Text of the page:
Carp Specialist UK
Ian Chillcott Columnists
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Bait the trap

Just my opinion of course...

I will never be able to put into words just how much carp fishing has helped me through the last eight months; reading about it, thinking about it, fantasising about it, and at long last, actually doing it. It’s been a ‘constant’ in the journey to full recovery, and although there is still a fair way to go, in many respects, all aspects of life have changed for me on a fundamental level.

I wasn’t best pleased, because over a four year period my weight had steadily increased. It wasn’t until things became an emergency last July, that I came to realise my brain tumour was responsible. It had been playing havoc with my taste buds for a while, thankfully not the full eight years it had been growing in my brain! In all honesty, it’s a small price to pay for still being able to breathe and continue to live life to the full at every opportunity. But when you look like you have taken to competing in doughnut eating competitions, you start to wonder what people will make of you! As it happens, this was to be a very intriguing time, in that the hospital food tasted the nuts to me. Others, with whom I shared my time with in there, looked at me a little oddly, probably as much to do with my brain mashing experience, as to the fact that they believed it tasted bloody awful.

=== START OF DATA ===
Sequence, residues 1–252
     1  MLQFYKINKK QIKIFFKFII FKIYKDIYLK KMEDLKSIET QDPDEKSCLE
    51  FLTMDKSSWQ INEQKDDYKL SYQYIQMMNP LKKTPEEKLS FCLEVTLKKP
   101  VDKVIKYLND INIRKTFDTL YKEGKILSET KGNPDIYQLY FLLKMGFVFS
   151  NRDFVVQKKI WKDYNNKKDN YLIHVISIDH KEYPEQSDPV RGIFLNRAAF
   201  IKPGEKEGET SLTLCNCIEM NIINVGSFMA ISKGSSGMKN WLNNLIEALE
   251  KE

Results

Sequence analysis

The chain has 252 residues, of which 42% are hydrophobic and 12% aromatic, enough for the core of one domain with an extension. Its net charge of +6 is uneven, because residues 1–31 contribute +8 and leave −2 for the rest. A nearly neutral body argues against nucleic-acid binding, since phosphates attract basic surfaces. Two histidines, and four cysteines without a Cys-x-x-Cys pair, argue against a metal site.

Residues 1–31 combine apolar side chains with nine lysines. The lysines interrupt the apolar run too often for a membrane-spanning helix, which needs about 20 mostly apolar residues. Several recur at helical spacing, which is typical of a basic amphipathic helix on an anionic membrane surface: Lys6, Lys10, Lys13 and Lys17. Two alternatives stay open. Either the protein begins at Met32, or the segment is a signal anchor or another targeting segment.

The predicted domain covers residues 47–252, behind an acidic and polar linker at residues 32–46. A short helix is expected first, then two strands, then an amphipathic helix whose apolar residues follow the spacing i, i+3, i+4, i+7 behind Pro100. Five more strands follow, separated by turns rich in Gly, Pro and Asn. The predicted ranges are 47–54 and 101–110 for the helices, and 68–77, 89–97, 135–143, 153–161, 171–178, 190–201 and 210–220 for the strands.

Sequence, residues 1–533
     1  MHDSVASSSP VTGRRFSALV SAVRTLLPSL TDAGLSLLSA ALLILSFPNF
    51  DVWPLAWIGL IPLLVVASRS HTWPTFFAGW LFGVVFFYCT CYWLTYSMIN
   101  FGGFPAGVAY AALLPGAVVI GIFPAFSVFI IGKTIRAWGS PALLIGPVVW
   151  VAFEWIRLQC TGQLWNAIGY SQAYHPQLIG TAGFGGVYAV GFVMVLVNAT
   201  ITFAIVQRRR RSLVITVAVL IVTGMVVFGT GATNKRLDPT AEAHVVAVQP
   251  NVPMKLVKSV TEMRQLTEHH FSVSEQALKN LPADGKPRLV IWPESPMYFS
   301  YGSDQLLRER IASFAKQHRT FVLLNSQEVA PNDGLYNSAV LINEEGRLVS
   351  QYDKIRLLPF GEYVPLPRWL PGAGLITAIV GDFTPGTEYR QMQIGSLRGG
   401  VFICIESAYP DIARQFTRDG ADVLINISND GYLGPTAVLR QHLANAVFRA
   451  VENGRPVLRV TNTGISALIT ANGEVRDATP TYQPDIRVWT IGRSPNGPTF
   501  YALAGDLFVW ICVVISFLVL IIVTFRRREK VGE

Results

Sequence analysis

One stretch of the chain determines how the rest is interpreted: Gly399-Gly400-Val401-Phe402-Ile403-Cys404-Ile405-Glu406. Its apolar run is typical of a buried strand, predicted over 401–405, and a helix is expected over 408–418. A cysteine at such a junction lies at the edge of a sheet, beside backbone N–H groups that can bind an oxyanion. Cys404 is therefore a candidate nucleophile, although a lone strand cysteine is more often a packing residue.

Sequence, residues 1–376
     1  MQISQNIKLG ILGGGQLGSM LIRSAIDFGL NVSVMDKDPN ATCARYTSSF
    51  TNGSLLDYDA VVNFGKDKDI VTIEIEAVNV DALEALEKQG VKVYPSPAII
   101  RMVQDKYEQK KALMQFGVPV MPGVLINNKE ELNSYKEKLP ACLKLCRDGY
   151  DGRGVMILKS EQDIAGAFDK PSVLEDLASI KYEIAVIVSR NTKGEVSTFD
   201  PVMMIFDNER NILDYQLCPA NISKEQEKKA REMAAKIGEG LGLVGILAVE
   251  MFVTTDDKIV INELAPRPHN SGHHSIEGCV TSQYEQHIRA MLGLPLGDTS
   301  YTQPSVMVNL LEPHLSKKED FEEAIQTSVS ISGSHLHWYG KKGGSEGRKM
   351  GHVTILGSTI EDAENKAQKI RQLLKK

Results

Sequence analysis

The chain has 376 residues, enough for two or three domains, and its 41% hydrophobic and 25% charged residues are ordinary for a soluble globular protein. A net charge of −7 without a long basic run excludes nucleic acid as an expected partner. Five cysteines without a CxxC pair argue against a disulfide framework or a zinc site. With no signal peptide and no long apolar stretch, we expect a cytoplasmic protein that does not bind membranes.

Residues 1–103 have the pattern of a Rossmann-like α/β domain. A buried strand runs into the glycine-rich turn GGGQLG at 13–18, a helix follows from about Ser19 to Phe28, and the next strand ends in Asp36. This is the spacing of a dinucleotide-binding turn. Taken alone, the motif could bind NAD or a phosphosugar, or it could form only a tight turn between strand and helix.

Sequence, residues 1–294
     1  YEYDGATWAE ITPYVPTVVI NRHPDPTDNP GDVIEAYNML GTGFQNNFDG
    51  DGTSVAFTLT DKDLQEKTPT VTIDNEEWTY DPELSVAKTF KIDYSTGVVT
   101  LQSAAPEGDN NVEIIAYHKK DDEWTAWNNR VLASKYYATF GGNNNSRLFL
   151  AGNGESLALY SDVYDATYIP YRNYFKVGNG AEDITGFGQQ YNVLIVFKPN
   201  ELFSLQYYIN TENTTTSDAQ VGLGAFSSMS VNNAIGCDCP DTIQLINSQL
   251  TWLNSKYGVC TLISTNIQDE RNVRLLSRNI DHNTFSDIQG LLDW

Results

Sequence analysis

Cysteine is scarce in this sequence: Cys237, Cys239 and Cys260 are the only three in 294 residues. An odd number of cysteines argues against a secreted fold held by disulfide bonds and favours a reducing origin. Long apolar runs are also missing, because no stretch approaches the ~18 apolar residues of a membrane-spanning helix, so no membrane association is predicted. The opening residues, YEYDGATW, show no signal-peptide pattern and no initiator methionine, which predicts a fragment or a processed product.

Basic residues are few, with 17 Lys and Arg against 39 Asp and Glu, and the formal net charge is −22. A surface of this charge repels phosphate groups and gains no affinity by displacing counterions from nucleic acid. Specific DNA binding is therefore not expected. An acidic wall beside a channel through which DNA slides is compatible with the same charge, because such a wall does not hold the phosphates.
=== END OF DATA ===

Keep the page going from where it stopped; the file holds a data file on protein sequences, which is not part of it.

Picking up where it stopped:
The trend continued once I had arrived home, but the problem was I had a whole host of things that I no longer liked. Bread, potatoes and cakes got kicked into touch, amongst a whole host of other things, but I still needed the quantity. It’s probably why my local Indian takeaway think they have come up on the Lottery, as I seem to order at least two Tandoori King Prawns a week! That said, as much as I want to eat, there is nothing that’s putting any weight on and I have lost an incredible three-stone-plus in the past few months. I don’t even have to waste any energy doing up or undoing buttons on my trousers anymore. I can pull them up and down without having to do a thing. There is a chance, of course, that they could come adrift whilst I’m out and about, and I probably need to address this at some point.

There’s a lot more to spodding than simply hitting the same hole everytime

It may seem a little strange to some, but I couldn’t help referring my situation to the way some anglers think about carp, and the bait they feed them with. I’m not suggesting here that you have to go to the extremes which I have done to satisfy my own desires, but carp are simple omnivorous creatures, of course, which respond to things a lot less expensive than that delivered by the local Delhi! They also don’t discuss at regular shoal like gatherings, the amount of weight they have put on or how old Gut Bucket is living up to his name, and certainly don’t sign up for the latest slimming products… Oh no. They eat with wanton abandon at times, and the only way to satisfy their desire, is to feed them.